A man named Simon brought money to the apostles in Acts 8, trying to purchase spiritual power. Peter, ever blunt, replied, “You and your money will both end up in hell if you think you can buy God’s gift!” We aren’t sure of Simon’s outcome, but he unwittingly lent his name to church history. A deplorable practice arose during the Middle Ages — the buying of church offices and positions — and it was called simony.

Simony was so widespread by the eleventh century that the 22-year-old German king, Henry III, grieved for the church. On December 20, 1046, he called a synod in Sutri, 25 miles from Rome, to discuss the problem. Pope Gregory VI chaired the proceedings. But Gregory was among the worst simonites, having “bought” the papacy. When Henry reminded the churchmen of the need for integrity and purity among God’s leaders, Pope Gregory spoke these remarkable words to the synod: I, Gregory, bishop, servant of the servants of God, do hereby adjudge myself to be removed from the pontificate of the Holy Roman Church, because of the enormous error which by simoniacal impurity has crept into and vitiated my election.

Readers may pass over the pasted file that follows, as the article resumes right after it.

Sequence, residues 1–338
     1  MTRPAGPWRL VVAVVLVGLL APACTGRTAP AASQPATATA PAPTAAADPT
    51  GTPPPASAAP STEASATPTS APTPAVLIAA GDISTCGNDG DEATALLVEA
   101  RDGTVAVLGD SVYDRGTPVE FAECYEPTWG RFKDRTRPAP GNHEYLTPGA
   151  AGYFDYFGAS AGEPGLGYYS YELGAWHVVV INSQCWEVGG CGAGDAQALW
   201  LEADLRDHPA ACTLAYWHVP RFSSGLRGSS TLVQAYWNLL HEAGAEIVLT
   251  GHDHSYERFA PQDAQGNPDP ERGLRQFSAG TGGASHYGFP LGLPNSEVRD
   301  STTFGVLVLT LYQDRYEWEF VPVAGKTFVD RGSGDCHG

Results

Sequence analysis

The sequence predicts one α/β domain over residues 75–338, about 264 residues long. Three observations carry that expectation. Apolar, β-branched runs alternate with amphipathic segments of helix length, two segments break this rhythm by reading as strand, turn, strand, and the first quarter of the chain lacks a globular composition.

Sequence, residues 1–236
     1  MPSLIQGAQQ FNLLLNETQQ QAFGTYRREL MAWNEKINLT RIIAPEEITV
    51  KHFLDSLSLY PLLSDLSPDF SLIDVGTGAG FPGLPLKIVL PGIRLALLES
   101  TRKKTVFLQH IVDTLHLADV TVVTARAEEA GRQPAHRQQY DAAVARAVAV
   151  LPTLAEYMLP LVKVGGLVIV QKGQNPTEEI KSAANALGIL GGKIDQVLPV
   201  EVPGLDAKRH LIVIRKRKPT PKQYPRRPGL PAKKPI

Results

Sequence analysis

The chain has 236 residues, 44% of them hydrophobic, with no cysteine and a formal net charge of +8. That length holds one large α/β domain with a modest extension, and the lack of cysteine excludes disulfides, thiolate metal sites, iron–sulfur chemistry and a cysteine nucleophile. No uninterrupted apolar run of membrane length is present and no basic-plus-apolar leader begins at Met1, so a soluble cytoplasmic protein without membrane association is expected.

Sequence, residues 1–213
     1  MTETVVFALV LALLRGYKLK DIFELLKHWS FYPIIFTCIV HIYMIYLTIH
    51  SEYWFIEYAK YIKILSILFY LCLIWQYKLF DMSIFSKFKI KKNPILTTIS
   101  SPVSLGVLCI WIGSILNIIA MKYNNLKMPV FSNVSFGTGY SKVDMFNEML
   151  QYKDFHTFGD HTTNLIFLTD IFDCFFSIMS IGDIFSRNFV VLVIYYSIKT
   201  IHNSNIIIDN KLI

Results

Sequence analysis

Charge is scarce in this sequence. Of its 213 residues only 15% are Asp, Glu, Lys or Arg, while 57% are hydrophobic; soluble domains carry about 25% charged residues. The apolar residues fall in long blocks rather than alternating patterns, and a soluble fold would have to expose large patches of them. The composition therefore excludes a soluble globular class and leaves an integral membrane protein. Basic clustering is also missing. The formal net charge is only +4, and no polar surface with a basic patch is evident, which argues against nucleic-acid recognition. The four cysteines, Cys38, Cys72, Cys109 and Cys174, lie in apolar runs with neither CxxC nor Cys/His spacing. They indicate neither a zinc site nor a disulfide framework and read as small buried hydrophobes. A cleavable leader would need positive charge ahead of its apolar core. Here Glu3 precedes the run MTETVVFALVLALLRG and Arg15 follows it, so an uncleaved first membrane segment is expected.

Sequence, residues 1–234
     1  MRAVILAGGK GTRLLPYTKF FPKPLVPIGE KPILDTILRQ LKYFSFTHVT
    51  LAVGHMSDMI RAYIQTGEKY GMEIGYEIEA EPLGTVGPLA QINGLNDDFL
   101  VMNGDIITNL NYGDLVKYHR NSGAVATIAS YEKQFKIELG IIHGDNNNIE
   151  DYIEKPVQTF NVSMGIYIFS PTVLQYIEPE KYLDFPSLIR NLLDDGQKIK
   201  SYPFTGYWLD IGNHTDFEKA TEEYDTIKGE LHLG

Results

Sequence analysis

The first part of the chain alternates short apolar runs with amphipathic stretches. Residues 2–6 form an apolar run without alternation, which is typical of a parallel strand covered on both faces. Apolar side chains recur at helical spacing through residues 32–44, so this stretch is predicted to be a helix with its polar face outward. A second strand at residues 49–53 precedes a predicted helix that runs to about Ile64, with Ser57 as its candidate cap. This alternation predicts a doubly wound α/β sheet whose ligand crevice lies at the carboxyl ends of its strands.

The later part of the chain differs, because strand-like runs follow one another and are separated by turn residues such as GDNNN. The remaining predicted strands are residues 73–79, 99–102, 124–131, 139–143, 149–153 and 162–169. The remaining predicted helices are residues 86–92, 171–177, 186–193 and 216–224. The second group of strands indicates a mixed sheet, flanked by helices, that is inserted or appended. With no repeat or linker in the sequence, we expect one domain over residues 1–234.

He asked, “Is it your pleasure that it be so?” The assembled clergymen answered unanimously: “Your pleasure is our pleasure; therefore so let it be.” Gregory descended from his throne, removed his pontifical robes, fell to his knees, begged forgiveness, and fled the country.

But now another problem arose: None of the assembled bishops was unstained by simony. They had all bought their positions. After searching the land, an honest man named Suidger, bishop of Bamberg, was elected pope, but he lived less than a year. The next two popes also died quickly. Then Bruno was found, a good-looking, well-educated man of unblemished character and sincerity. Summoned to Rome, he arrived barefoot, dressed as a pilgrim and weeping. The people sang hymns of praise and consecrated him Pope Leo IX on February 12, 1049. He battled simony all his days, paving the way for the reforms later enacted under his associate and successor, Hildebrand (Pope Gregory VII).

Simon noticed that the Spirit was given only when the apostles placed their hands on the people. So he brought money and said to Peter and John, “Let me have this power too!” … Peter said to him, “You and your money will both end up in hell if you think you can buy God’s gift! Get rid of these evil thoughts and ask God to forgive you.” (Acts 8:18-20,22)

Robert J. Morgan, On This Day: 265 Amazing and Inspiring Stories About Saints, Martyrs & Heroes, electronic ed. (Nashville: Thomas Nelson Publishers, 2000, c1997). Feb. 12.

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